Literary agent   Seth Fishman   136 E. 57th Street, New York, NY, 10022   Tel: 1 (212) 838-7777

I like to create things that are of lasting value. My tools of choice span the fields of engineering, design and data visualization and my outlook is a combination of unwavering focus on quality and a strong belief in the abilities of others. I currently work on visualizing Firefox data for the data science team at Mozilla in San Francisco.

I graduated from the Engineering Systems Division at MIT. Formerly, I worked as a research associate looking into the design of complex software systems at Harvard with Alan MacCormack and spent six months working with Cesar Hidalgo at the MIT Media Lab. Before that, I was a graduate student at Carnegie Mellon and spent four years in the software industry, as a software developer at first and then as a supervisor of a team of 30 software developers. Between 2009 and 2012, I was co-founder and creative and managing director of a design studio.

Join the mailing list for one to two updates per year about An Illustrated Book of Bad Arguments and all related follow-on projects.

Hans in the Land of Bards

In this story, illustrated by Alejandro Giraldo, an absentminded tailor and his quick-witted accomplice struggle to escape a land where things aren't always what they seem. Take a look.

An Illustrated Book of Bad Arguments

A book on critical thinking that explains a set of common errors in reasoning. The book has been read by 2.1 million people and translated into 15 languages. Read it online or in print!


A D3-based library that's optimized for visualizing and laying out time-series data in a principled way. 400,000 hits, 5,700+ GitHub stars. Take a look.

The Web We Want: Firefox 29

A real-time visualization of the global community that powers Mozilla, developed by a stellar team. My contributions were designing and coding the map and stats page. Take a look.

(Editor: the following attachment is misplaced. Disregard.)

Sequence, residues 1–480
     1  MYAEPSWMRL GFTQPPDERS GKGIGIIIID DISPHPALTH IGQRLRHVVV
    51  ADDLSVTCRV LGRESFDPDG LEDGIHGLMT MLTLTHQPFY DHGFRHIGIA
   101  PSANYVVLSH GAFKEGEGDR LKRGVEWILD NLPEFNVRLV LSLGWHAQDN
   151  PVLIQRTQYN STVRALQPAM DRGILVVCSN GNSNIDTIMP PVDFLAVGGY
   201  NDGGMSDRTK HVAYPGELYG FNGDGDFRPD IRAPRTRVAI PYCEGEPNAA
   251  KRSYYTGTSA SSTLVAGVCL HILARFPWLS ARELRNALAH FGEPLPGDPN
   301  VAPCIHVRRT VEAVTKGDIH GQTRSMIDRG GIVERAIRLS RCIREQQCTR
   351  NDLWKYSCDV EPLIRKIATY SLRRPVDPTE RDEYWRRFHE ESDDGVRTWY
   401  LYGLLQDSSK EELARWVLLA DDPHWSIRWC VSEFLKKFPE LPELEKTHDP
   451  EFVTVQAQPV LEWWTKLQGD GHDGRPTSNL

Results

A project by Cesar Hidalgo and colleagues, which I had the good fortune of co-developing. Pantheon visualizes global culture using cultural icons of note. Take a look.

How Maintainable is the Firefox Codebase?

By appealing to the explanatory powers of five practical measures of architectural complexity, this work explores the quality of the Firefox codebase. Take a look.

Technical Debt in Firefox and Chromium

A quantitative comparison of two complex software systems, using prose and a visual inspired by a story from Greek mythology. Take a look.

How Educated are World Leaders?

A descriptive visualization of the education levels of world leaders, from 1950 or thereabouts to the present day. Take a look.

Browser Usage Plurality

A space-themed visualization of browser usage plurality across time. The visualization compares Web browsers' market share in different countries across time. Take a look.

Classroom Seating Habits

A visualization that captures the seating habits of a group of graduate students attending a class during the summer of 2011. Take a look.

Bahrain: Two Years On

Shortlisted in the 2013 Information is Beautiful Awards, this visualization impartially depicts the casualties of the conflict in Bahrain, abstracted to take the form of a palm tree. Take a look.

Evolution of the Firefox Codebase

A visualization that presents a set of metrics for all releases of Firefox that are indicative of quality and allows one to inspect them through one of several views. Take a look.

The State of Do Not Track

A set of graphs that provide a view into how many Firefox users are seeking out and enabling Do Not Track in their desktop and mobile versions of Firefox. Take a look.


An experimental online platform for augmented democracy that helps encourage direct online participation using interactive visualization. Take a look.


Interviews and talks


An Illustrated Book of Bad Arguments in the press

Mentions and various other things

Brief biographical statement  Ali Almossawi works on the data science team at Mozilla and is an alumnus of MIT's Engineering Systems Division (M.S.) and Carnegie Mellon’s School of Computer Science (M.S.) Previous stints included working as a research associate at Harvard and as a collaborator at the MIT Media Lab. Ali has bylines in Scientific American and Wired and is the author of An Illustrated Book of Bad Arguments, which has been read by 2.1 million readers and translated into 15 languages, ten of which were undertaken by volunteers from across the world.